Eastern Pacific & US west coast / June 17, 2017 https://go.nasa.gov/2tABRDq
Eastern Pacific & US west coast / June 17, 2017 https://go.nasa.gov/2sCz6Ep
“Currently appreciable amounts of radioactive and dangerous chemicals are accumulated all over the world. PAMs are ‘physiologically active materials’ that produce strong toxic effects on human beings and the environment.”
— from “The Atmosphere & the Ionosphere” a collection of articles primarily from Russia published by Springer 2014.
Method for electrically detecting physiologically active materials and biochip for the same
WO 2009119971 A3
The present invention relates to a method for detecting the existence and/or the reaction of physiologically active materials by accurately detecting changes in the electrical property resulting from biological, biochemical or chemical reaction of physiologically active materials, and a biochip provided for the same.
The reaction of the sample for detection is carried out in a general reactive solution, and a reaction chamber is filled with a reference fluid having a large dielectric constant, such as water, prior to reaction for measuring the impedance value or capacitance value. The reactive solution is removed after completion of the reaction, and the reaction chamber is refilled with the reference fluid having a large dielectric constant for measuring the impedance value or capacitance value. Subsequently, the impedance value or capacitance value before or after the reaction is compared to check the existence and/or the reaction of physiologically reactive materials in the sample for detection.
KR20030038084A * Title not available
KR20060044681A * Title not available
US20050059105 * Jul 21, 2004 / Mar 17, 2005
Board Of Trustees Of Michigan State University
Impedimetric biosensor and its use for rapid detection of bacterial pathogens in solution
* Cited by examiner https://www.google.com/patents/WO2009119971A3
Remediation of physiologically active compounds from waste water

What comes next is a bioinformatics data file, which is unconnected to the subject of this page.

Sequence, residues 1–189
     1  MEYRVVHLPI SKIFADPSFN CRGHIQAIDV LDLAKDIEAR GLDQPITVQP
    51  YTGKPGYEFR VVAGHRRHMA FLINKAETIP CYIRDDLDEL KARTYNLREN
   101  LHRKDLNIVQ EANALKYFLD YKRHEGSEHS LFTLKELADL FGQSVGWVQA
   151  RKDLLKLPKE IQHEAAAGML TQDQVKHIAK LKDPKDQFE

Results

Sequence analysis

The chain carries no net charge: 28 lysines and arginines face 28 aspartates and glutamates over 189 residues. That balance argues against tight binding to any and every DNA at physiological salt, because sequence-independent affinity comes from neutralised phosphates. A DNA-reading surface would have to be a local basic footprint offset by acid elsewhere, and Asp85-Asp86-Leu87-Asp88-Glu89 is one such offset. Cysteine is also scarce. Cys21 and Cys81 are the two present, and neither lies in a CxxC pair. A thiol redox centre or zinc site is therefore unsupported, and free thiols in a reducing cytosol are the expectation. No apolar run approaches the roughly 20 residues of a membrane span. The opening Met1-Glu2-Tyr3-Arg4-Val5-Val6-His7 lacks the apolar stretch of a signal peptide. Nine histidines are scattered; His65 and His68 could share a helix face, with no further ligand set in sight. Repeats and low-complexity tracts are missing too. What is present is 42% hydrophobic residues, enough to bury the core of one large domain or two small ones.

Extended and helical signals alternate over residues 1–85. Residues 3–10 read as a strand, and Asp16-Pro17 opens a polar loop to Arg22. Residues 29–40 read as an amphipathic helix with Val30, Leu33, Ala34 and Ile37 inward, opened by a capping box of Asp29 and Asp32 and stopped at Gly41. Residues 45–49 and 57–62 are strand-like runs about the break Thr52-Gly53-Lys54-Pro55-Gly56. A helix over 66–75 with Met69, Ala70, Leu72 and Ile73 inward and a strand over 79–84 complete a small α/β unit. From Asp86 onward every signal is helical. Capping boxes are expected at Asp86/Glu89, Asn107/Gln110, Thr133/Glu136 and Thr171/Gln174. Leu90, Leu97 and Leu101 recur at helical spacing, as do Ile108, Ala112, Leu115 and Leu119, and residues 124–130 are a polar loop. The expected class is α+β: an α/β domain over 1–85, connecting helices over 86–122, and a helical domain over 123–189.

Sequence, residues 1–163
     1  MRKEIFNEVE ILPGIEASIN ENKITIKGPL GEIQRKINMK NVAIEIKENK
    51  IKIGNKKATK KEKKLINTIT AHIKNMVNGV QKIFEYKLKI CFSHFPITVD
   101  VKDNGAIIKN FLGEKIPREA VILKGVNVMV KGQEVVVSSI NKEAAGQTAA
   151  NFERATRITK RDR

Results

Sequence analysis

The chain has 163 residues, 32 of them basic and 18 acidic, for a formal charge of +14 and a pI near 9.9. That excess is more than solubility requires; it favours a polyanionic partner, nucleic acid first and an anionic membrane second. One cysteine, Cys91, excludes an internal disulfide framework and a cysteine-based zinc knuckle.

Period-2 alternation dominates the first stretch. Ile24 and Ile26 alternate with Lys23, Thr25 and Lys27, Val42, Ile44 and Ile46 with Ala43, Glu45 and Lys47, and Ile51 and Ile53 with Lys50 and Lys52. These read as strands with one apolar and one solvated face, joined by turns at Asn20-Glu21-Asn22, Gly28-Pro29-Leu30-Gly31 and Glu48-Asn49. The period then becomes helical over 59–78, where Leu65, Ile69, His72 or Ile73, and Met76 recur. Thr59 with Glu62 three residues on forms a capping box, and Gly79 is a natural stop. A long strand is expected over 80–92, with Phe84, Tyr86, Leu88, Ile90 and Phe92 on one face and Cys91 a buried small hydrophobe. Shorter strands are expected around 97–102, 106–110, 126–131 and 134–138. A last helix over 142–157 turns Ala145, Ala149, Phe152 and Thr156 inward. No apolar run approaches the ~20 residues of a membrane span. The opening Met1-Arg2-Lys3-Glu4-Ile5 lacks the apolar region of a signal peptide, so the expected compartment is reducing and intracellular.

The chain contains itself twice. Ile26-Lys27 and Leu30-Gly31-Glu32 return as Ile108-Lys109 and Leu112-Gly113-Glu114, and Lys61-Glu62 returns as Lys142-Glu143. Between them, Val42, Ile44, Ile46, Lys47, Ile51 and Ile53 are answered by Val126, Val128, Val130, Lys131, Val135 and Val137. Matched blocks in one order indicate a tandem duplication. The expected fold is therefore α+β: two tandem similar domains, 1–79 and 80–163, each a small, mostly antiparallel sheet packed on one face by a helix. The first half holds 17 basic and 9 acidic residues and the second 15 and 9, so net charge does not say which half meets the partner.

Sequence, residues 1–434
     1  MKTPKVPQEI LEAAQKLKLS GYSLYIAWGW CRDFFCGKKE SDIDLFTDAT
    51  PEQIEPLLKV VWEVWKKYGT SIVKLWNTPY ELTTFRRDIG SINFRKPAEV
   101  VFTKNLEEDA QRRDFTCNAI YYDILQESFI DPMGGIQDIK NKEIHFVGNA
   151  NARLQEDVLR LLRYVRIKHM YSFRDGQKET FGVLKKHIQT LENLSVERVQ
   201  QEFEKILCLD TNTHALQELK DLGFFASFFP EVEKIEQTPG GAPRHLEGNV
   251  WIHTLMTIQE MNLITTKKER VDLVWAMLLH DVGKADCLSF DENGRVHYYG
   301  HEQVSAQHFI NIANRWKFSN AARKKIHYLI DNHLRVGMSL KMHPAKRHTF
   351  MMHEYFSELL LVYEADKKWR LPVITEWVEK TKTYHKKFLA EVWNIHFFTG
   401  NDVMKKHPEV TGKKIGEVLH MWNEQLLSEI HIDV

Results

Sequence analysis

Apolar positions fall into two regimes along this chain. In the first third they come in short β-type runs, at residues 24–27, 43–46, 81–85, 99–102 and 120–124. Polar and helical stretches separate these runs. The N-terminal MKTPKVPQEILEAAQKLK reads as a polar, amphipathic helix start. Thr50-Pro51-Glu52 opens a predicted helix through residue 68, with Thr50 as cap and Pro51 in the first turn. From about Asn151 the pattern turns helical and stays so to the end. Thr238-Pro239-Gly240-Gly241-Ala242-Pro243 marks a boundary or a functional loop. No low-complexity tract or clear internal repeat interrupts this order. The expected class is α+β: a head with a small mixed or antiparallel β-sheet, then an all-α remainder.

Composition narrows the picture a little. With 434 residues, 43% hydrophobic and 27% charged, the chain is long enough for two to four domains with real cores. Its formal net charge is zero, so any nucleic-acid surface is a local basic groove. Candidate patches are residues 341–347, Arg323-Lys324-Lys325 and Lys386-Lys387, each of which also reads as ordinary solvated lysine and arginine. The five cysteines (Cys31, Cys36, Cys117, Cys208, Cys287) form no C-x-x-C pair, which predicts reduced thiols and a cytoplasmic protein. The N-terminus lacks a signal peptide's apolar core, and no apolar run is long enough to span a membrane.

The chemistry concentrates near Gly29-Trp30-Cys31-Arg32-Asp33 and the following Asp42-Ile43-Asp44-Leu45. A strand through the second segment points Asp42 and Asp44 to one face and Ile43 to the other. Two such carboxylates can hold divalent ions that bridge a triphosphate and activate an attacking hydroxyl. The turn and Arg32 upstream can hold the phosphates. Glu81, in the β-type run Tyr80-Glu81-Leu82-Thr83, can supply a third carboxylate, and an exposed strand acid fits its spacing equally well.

EP 2580165 A1 (Text aus WO2011156817A1)
The present invention is directed to the removal of one or more selected target materials, in particular a physiologically active compound contaminant, from various streams using a rare earth fixing agent.
The invention relates generally to removal, using rare earth metals, of target materials and particularly to removal and/or stabilization, using rare earth metals, of physiologically active materials in wastewater.
Purification or filtration of water or other aqueous solutions is necessary for many applications, from the provision of safe or potable drinking water to biotechnology applications. Concerns have been expressed, especially in Europe and the United States, in recent years regarding the entry of human and animal physiologically active materials into the environment, particularly the entry into fluid streams. The physiologically active materials end up in potable water when they are not adequately removed by municipal treatment systems.
Thus, there is a need for removing physiologically active materials from fluid streams.
These and other needs are addressed by the various embodiments and
configurations of the present invention. This disclosure relates generally to removal of a physiologically active target material from a fluid and stabilization of the removed physiologically active target material.
In one embodiment, a process is provided that includes the step of contacting a feed stream comprising a physiologically active target material with a soluble fixing agent, the soluble fixing agent comprising a rare earth, to form an insoluble target material- containing fixing agent comprising at least a portion of the physiologically active target material and the rare earth.
In one embodiment, a process is provided that includes the step of contacting a physiologically active compound-containing stream with an insoluble rare earth fixing agent to form an insoluble target material-containing fixing agent comprising at least a portion of the physiologically active target material and the rare earth.
Eastern Pacific & US west coast (above) / June 18, 2017 https://go.nasa.gov/2sFbbV0
Eastern Pacific & US west coast / June 18, 2017
detail eastern Pacific & US west coast / June 18, 2017 https://go.nasa.gov/2sFhQyv
detail sepia & contrast enhanced https://go.nasa.gov/2tD6b09
detail eastern Pacific & US west coast / June 18, 2017 https://go.nasa.gov/2tD6b09
Santa Rosa & Santa Cruz Islands / June 18, 2017 https://go.nasa.gov/2sFihZl
Santa Rosa Island & Santa Cruz Island / June 17, 2017
California coast / June 16, 2017 https://go.nasa.gov/2txbNZT
Baja CA & Guadalupe Island / June 16, 2017 https://go.nasa.gov/2tx6ycr